According to the Surrey Now-Leader, MH Canada went ahead with restocking its Port Elizabeth farm near Alert Bay, north of Vancouver Island, at the weekend despite a government request to stop, and a Royal Canadian Mounted Police (RCMP) boat attended the area to maintain order with First Nations protesters who have occupied area salmon farms since late August.
In a letter to MH Canada managing director Vincent Erenst written on October 13, Agriculture Minister Lana Popham said the restocking “comes at a very sensitive time in government-to-government discussions” with aboriginal people who assert territory in the Broughton Archipelago and oppose ocean-based salmon farms. The province has 18 salmon farm tenures that are coming up for renewal next year.
“As you are aware, government will be reviewing tenures and will make a decision on renewals before the current leases expire in June 2018,” Popham wrote. “While the issuance of any replacement tenure or any permission to allow you continued occupation of existing sites on a month-to-month [basis] remains subject to future decision-making processes and cannot be guaranteed, we look forward to your input on the lease renewal decisions.”
Popham has since said the letter was not meant as a threat, and she understands the company’s decision to go ahead with restocking its salmon.
“I think one thing we can all agree on is that the status quo is not going to happen any more,” Popham said. “The salmon farmers also agree with that.”
Protesters refused meeting
Marine Harvest communications director Ian Roberts said the restocking was put off as long as possible, and the need to proceed and maintain the health of live salmon was communicated to the government. He added that the protesters have refused to meet with company officials, and Marine Harvest is willing to talk about solutions, including relocating salmon farms.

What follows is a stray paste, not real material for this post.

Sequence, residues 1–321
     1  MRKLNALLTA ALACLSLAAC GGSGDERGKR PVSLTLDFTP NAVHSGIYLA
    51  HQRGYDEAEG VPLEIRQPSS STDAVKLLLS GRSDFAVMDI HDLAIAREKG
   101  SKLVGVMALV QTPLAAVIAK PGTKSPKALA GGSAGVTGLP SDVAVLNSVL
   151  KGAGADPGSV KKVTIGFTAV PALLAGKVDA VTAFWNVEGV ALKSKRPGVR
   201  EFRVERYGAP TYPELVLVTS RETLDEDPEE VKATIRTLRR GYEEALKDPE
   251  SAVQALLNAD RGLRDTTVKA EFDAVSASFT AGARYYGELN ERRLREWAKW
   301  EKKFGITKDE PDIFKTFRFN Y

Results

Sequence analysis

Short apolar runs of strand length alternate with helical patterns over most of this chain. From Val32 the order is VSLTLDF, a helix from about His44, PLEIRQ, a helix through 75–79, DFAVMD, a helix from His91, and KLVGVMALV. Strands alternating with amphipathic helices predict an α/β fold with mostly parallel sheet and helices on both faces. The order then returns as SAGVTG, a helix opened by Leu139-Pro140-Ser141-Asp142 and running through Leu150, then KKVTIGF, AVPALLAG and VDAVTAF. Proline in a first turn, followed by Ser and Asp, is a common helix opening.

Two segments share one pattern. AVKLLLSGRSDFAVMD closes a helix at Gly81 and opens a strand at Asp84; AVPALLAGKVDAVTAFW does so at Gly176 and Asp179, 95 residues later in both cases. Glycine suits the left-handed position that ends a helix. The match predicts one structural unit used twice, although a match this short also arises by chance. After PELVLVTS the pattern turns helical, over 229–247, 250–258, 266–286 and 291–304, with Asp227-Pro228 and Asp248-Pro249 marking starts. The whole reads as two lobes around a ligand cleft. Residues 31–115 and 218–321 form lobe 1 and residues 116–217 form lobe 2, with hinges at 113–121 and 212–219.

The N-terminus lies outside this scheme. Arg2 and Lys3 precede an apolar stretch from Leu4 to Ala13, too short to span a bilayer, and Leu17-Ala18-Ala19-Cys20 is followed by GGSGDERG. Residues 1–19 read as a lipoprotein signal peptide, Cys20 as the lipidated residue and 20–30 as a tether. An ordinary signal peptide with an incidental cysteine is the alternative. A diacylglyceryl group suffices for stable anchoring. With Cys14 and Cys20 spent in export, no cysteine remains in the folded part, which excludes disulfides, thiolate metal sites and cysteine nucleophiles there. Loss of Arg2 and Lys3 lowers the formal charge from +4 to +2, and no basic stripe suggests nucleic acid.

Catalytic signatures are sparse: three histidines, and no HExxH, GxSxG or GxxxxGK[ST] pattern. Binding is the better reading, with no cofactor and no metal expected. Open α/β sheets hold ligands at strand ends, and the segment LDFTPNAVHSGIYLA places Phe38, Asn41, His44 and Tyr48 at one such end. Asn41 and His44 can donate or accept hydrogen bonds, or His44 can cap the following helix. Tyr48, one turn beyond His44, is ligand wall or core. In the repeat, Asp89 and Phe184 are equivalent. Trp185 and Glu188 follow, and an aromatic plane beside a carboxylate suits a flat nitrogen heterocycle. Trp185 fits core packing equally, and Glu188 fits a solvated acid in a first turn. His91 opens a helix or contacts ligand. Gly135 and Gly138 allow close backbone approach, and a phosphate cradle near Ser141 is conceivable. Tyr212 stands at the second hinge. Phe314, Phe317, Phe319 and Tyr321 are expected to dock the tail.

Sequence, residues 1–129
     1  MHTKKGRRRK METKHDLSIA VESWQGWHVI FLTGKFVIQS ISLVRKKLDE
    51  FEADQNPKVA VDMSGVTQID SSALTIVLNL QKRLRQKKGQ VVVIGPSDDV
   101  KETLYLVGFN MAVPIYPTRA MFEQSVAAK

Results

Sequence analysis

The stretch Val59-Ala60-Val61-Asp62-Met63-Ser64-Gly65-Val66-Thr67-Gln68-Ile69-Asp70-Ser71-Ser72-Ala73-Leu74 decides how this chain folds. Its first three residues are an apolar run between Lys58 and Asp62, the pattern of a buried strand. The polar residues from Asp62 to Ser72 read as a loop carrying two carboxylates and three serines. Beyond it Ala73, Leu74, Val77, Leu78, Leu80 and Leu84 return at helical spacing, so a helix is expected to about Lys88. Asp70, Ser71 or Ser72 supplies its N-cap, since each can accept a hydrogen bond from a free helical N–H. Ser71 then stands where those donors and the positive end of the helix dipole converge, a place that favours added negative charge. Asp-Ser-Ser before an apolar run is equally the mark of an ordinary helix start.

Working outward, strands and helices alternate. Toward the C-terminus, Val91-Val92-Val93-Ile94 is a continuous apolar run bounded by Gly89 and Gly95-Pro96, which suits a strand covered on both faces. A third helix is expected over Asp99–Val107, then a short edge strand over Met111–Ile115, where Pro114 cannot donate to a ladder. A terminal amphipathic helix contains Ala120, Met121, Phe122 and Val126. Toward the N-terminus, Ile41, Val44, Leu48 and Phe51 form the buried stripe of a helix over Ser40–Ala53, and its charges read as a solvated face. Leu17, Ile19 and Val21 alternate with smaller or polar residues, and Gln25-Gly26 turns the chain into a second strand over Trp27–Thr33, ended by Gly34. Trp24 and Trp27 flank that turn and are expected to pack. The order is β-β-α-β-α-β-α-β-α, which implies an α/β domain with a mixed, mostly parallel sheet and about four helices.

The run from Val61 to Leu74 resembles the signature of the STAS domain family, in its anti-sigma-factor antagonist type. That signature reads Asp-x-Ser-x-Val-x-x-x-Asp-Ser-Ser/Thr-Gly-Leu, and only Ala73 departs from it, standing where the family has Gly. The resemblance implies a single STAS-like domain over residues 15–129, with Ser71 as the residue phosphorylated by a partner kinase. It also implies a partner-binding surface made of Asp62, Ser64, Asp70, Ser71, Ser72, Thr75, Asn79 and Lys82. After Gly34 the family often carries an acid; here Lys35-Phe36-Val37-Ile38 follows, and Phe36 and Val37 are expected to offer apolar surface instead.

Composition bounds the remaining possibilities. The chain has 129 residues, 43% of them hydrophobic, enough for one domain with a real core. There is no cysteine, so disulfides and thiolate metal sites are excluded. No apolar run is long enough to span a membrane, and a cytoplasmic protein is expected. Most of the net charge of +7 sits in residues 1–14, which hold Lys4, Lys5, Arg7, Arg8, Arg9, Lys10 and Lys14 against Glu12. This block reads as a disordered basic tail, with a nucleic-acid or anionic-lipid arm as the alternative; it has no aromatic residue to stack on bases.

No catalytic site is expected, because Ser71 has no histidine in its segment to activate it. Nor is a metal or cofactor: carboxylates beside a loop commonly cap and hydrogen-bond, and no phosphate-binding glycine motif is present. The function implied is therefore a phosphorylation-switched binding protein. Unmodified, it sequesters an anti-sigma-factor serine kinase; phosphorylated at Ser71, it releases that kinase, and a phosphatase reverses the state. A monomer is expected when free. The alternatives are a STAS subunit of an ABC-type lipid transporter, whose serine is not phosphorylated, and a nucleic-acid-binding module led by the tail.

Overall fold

“However, that solution must include maintaining the business we have built over 30 years in B.C. (British Columbia) with the support of the provincial and federal governments,” Roberts said in a statement. “We have a very good track record of working with First Nation governments who are willing to meet with us – currently having protocol agreements with 15 First Nations out of the 24 First Nations in whose traditional territories we operate.”
Respect the right to demonstrate
For its part, the RCMP made it clear it was not taking sides, and contrary to some social media reports, it did not 'escort' the wellboat Viktoria Viking to the site to deliver smolts.
“There appears to be erroneous information circulating over the internet through either news articles or social media that we wish to correct,” wrote Corporal Janelle Shoihet in a press release.
Shoihet clarified the RCMP is not taking part in the ongoing work being done by MH Canada. “At no time did the RCMP escort the vessel into the area. We were made aware that the restocking of fish was to be occurring October 13, and we are also aware there are people who oppose the restocking.”
She added the RCMP are impartial, and they “understand and respect the rights of individuals to peacefully demonstrate and we are committed to protecting those rights. At the same time, companies also have a lawful right to complete their mandated work. Our role is to maintain peace and ensure the safety of all those involved, and in order to do so we need to physically be in a position to respond should there be a need for our services – from demonstrators, spectators, fish farm workers and general public.”
Shoihet confirmed the BC RCMP’s Division Liaison Team (DLT) is currently in Alert Bay, and are “ready and available to assist in facilitating safe demonstration, whether on land or water.”